.41 each

Description: montbell bag.jpg

Montbell U.L.SS.Down Hugger #3

 

Discontinued

Replaced by

U.L.SUPER SPIRAL DOWN HUGGER #3

 

30 degree rating,

800 fill down,

Max User Height: 5ft. 10in.

Inside Shoulder Girth: 53.2” – 70.9”  (that is the STRETCH factor!)

Inside Knee Girth: 42.8” – 57.1”

Stuffed Size: 5.4” x 10.7”

Amazing bag. Lightweight, stretches so I don’t feel claustrophobic. I have used it in temps in the low 30’s and was completely comfortable. Temp rating seems spot on. If  I expect temps to go below 30 I use the Montbell #1

Packs small. I love this bag. 5 out of 5 stars!

23

U.L.Super Spiral Down Hugger #1

I love my Montbell #3 bag, but need something just a bit warmer for the shoulder seasons. I had temps down into the mid 20’s on my 2010 JMT trip and got a bit cold. The #1 is rated to 15 degrees. I used it on my 2011 JMT thru hike where the low temps were in the high 20’s. Stayed toasty warm…

These bags stretch when I move so they don’t make me feel claustrophobic, which helps me get a great night’s sleep!

·  800 Fill Power Goose Down

·  Max User Height 6’

·  Shoulder Girth 53”~75”

·  Knee Girth 44”~62”

·  Stuffed Size 7.1” x 14”

·  Weight 2 lbs. 5 oz.

36

Exped SynMat UL 7 Air Pad

 

New for 2011. Used it on my JMT thru hike and 2012 HST hike. Temps down to high 20’s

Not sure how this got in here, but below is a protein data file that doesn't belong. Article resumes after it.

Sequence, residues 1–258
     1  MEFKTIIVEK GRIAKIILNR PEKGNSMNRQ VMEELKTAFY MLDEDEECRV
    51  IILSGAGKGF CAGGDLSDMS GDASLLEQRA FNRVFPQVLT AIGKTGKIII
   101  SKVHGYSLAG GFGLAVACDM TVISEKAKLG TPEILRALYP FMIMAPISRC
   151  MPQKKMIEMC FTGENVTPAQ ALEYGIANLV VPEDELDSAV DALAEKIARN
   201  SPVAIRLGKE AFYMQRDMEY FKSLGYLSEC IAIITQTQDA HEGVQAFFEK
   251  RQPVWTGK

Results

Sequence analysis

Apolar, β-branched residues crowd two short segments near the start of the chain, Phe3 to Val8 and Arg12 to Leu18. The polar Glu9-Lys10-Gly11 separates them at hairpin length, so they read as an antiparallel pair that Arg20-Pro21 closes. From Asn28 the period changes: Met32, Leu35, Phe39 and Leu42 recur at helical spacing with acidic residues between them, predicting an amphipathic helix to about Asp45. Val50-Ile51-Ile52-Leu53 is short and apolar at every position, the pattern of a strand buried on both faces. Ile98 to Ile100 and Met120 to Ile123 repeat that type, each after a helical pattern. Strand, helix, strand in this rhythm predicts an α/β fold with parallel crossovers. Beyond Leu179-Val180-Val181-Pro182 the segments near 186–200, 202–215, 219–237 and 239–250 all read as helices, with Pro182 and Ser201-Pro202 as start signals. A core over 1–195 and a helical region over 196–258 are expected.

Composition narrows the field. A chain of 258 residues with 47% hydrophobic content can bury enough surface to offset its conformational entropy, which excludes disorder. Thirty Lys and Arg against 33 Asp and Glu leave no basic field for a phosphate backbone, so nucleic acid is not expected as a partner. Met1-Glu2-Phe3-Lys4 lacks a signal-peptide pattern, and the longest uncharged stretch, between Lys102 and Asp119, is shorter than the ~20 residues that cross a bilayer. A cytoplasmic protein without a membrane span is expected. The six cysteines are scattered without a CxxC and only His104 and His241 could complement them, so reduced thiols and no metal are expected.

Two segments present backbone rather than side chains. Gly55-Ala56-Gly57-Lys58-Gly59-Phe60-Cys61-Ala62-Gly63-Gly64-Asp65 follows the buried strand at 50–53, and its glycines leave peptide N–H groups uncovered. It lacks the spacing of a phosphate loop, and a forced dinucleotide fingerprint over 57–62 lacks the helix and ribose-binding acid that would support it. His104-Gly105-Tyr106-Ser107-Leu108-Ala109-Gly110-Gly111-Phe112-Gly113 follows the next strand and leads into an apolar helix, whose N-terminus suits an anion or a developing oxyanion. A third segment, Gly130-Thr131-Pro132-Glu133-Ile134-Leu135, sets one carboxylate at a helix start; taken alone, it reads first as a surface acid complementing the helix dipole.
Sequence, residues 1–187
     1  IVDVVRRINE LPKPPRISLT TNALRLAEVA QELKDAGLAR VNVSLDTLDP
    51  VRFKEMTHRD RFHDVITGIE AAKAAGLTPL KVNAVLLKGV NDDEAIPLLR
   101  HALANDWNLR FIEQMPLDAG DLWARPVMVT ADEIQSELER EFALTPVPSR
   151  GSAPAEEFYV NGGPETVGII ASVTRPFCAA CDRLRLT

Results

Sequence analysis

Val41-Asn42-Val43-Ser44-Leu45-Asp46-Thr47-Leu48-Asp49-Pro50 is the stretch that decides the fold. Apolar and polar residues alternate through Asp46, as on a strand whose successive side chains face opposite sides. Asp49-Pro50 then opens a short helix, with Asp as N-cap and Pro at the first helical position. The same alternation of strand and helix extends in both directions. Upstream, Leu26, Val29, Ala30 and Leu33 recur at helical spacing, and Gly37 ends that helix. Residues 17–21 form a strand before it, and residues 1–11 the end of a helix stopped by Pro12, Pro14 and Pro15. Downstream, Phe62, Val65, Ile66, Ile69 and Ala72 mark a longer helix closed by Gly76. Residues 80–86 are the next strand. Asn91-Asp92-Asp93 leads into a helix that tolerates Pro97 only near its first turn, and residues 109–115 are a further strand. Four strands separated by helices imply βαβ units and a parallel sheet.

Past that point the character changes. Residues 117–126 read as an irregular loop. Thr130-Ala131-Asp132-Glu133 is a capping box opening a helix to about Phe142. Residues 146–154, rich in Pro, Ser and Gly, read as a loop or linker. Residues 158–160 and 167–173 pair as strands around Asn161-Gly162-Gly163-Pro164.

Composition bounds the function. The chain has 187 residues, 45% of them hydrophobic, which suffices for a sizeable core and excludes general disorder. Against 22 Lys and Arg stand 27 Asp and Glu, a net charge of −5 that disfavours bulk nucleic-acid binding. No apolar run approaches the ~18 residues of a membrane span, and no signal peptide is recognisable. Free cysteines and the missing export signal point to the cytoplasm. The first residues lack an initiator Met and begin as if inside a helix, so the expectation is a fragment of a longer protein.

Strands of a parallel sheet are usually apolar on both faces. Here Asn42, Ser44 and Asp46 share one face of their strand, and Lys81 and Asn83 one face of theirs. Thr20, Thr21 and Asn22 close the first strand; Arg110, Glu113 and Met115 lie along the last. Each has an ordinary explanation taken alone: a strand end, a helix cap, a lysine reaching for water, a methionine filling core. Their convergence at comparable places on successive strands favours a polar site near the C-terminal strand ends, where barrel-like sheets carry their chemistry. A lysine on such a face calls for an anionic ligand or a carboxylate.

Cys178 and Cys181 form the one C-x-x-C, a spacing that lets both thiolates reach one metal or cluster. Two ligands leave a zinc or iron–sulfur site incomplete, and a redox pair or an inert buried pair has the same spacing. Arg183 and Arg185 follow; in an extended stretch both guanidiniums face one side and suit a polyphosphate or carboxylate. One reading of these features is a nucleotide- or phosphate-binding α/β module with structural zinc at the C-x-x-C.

I sleep extremely comfortably on this air pad. I have used the NeoAir, Big Agnes BAIC, Kookabay (custom) but the Exped UL7 is my favorite air pad so far.

R3.1

16.2 oz

72x20x2.8

Packed size   9 x 3.3 / 9 x 3.5 inches

5 out of 5 stars!

16.2

Gossamer Gear ThinLight™ Insulation Pad

1/8” thick. When I expect colder temps, this provides an extra insulation layer under my air mattress for very little weight. I tried to use this as an insulation layer for my dog to sleep on, but it is too light and gets wadded up.

1.9

Bearikade Weekender

A Bear canister is required on many of the areas I love to hike, so rather than renting each time, I went ahead and picked up a Bearikade. Cost is significantly higher than a Garcia, but the weight difference was too much to ignore.

31

Description: MSR Pocket Rocket.jpg

MSR Pocket Rocket stove

I just keep coming back to canister stoves. So simple, bomb proof and light.

3 stove

8 fuel

12 fuel

Trail Designs Sidewinder TriTi

 My main concern with the Caldera Cone that I retired was the metal was sharp. This stove uses titanium and is flexible and has smoother edges.